Google Analytics: What to do about all that Direct traffic

Time to read: About 5-7 minutes
Intended for: Digital marketers and analysts. Anyone responsible for analyzing Google Analytics data, whether it’s for your own organization, or on behalf of clients.
Key takeaway: In Google Analytics, did you know direct traffic isn’t really DIRECT traffic? It’s actually unknown traffic. As a marketer, this isn’t helpful for understanding channel attribution. Follow my checklist to increase the amount of known traffic in your Google Analytics views.

Ever see something like this in your Google Analytics views?

Screenshot of a Google Analytics report showing that 64% of traffic is direct traffic.

Direct traffic = unknown traffic

Most people think of direct traffic in a very literal sense: Those users are coming directly to my website, either through typing my URL into the browser, or by using a bookmark. It’s true that direct traffic has some of those use cases in it, but the reality is the true definition of direct traffic is actually unknown traffic. Google Analytics can’t determine the referral source, for a variety of reasons, so it sticks the traffic into the direct channel grouping.

As a marketer, I want to understand my channel attribution to the fullest extent possible, and I’d like my direct traffic grouping to be mostly actual DIRECT traffic, instead of unknown. There are a few things we can do to decrease the amount of direct traffic reported by Google Analytics, and increase the amount of known traffic in other channels.

Direct traffic: The analyst’s checklist

You’ll always have some unknown traffic in your Google Analytics views. There will always be cases when Analytics can’t determine the traffic source. But you can make it better and more accurate, and you can do so in incremental steps. To maximize your known traffic, review and work through the eight steps below.

  1. Tag all of your inbound marketing links. Use Google UTM parameters (Campaign URL Builder) to specify which channels your inbound links are coming from. In Google Ads, enable auto tagging (About auto-tagging). In your emails, place Google UTM parameters on all your inbound links. If sharing links on social, tag them with UTM parameters. Some mobile apps and desktop applications do not pass referring info and can show up as direct traffic by default. The Facebook mobile app and Microsoft Outlook are two common examples of this. Also, if there are links to your site in documents, like Word and PDF, these would show up as Direct unless tagged with UTM parameters.
  2. Make sure the Google Analytics tracking code is installed correctly. Ensure that it is used consistently across all pages that you want to track. If using Google Tag Manager, ensure the Google Analytics tag is set to fire on all pages, and the Google Tag Manager script is deployed across your entire website. If using an enterprise DXP (Digital Experience Platform) such as Sitecore, work with your development team to get the tracking code added to all your pages. Remember that it goes in the <head> section of the page.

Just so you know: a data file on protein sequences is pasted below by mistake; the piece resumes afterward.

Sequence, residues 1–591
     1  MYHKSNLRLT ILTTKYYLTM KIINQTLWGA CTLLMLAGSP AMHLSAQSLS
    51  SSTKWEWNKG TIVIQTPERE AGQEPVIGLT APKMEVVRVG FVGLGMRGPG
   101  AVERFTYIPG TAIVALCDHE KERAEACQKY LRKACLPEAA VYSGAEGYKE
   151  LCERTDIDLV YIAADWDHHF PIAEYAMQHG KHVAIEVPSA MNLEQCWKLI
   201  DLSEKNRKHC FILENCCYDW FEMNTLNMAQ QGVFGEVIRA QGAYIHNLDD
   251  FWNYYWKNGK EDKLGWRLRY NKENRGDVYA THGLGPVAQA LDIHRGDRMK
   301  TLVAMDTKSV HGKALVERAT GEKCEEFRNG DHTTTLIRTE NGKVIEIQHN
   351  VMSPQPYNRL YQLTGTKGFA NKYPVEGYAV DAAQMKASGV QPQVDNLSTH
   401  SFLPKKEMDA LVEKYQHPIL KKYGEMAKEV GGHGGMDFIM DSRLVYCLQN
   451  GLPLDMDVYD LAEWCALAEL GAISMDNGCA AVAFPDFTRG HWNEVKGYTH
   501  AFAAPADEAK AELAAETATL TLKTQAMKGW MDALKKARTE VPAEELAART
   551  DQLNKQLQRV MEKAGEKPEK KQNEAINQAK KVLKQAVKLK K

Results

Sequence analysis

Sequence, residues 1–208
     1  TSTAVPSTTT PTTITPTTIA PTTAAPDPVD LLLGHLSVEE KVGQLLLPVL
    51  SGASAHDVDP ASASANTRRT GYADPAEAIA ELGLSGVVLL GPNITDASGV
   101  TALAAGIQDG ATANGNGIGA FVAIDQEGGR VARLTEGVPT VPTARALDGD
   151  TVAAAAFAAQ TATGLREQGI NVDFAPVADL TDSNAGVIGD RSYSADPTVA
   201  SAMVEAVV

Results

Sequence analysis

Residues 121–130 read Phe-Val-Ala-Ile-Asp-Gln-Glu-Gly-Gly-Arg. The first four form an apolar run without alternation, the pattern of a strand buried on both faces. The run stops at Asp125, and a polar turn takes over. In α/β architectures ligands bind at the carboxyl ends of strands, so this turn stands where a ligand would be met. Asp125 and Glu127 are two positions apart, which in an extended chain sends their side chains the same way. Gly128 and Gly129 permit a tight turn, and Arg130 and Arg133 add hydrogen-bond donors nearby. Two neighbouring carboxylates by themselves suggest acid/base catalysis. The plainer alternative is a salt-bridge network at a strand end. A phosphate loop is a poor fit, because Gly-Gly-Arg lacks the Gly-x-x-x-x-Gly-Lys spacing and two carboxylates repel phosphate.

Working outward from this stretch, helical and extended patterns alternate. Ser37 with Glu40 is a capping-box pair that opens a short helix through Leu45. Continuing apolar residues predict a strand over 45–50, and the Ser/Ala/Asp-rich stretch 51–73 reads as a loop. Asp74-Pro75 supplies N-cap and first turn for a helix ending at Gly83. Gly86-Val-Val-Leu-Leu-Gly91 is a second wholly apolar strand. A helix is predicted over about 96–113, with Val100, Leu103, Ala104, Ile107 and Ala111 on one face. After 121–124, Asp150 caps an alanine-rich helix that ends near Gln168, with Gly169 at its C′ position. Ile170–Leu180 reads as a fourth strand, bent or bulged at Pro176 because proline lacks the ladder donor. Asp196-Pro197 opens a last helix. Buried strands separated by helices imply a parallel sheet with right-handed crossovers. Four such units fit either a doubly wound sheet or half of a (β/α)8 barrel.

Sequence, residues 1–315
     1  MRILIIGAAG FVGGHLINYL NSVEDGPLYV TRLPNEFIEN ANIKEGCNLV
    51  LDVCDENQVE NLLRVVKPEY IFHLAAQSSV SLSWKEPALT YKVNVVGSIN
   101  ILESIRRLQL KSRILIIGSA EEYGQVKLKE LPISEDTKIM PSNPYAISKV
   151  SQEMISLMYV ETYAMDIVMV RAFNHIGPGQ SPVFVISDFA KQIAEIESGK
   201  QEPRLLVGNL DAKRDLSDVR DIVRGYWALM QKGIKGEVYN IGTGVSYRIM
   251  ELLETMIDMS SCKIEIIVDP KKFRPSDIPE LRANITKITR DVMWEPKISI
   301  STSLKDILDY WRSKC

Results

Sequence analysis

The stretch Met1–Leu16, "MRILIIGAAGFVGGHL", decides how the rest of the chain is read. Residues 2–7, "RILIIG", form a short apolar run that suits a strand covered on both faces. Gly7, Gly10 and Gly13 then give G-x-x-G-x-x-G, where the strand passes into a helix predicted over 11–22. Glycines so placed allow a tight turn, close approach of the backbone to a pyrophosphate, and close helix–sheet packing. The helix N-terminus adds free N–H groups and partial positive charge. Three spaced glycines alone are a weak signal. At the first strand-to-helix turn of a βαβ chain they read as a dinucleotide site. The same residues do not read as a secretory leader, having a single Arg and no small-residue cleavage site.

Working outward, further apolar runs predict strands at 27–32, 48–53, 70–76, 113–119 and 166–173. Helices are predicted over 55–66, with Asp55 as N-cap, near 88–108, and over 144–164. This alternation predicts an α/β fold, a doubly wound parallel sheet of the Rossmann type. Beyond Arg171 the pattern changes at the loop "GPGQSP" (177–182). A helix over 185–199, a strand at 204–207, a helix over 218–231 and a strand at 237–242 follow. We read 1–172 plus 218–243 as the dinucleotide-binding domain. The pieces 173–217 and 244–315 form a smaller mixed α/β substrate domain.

3. Suppress known bot and SPAM traffic from your main views. In the Admin area, in View settings, if you haven’t already, toggle on the setting for Exclude all hits from known bots and spiders. And make sure you still have a completely unfiltered view where you leave this setting off.
A screenshot from Google Analytics showing the setting to exclude all hits from known bots and spiders.
  1. Determine if a large portion of your direct traffic is SPAM or Bot traffic. I like to do this by going into some of the geo-location reports and checking if there’s a particular region or city that has traffic with really high bounce rates or low pages per visit. Really poor engagement metrics on a region could indicate SPAM traffic from a particular region. Another dead giveaway of SPAM traffic is a large chunk of traffic from a region where you don’t do business or aren’t located, e.g., a U.S. only retailer with a huge amount of traffic from Vietnam.
  2. Re-order your channel rules so direct is processed last. In the View Settings > Channel Settings > Channel Groupings menu, I like to re-order my channels so that Direct is the LAST channel that Google Analytics can process.
The channel definition settings from Google Analytics, shown with the direct channel last.
  1. If you aren’t already, start using Google Search Console. Using Search Console, you can get a rough idea of how many organic searches there are per month. Compare that to Google Analytics organic traffic. If the numbers are wildly off (they won’t match up perfectly), something is definitely awry.
  2. Get an SSL certificate. Linking from HTTPS to HTTP websites will cause referral data to be lost. If you have an HTTP site with links pointing TO you from HTTPS sites, that will cause them to show up as direct traffic. Get an SSL certificate for your site ASAP (this has been an industry best practice for a while now, even on non-transactional sites).
  3. Check your redirects. Don’t use meta refreshes or JavaScript-based redirects for creating “vanity URLs” to link to your site. If you have any direct mail or offline campaigns with links that people can type in, make sure the destination page has Google Analytics UTM parameters on it.

Continual improvement

This process can take time. Tackle it in chunks. If you have limited time and resources, start with #1: The UTM tagging. Getting Google Analytics UTM parameters on all your inbound links will likely have the biggest bang for your buck in terms of driving known channels up and direct/unknown traffic down. If you have any questions on any of these items I covered, don’t hesitate to reach out.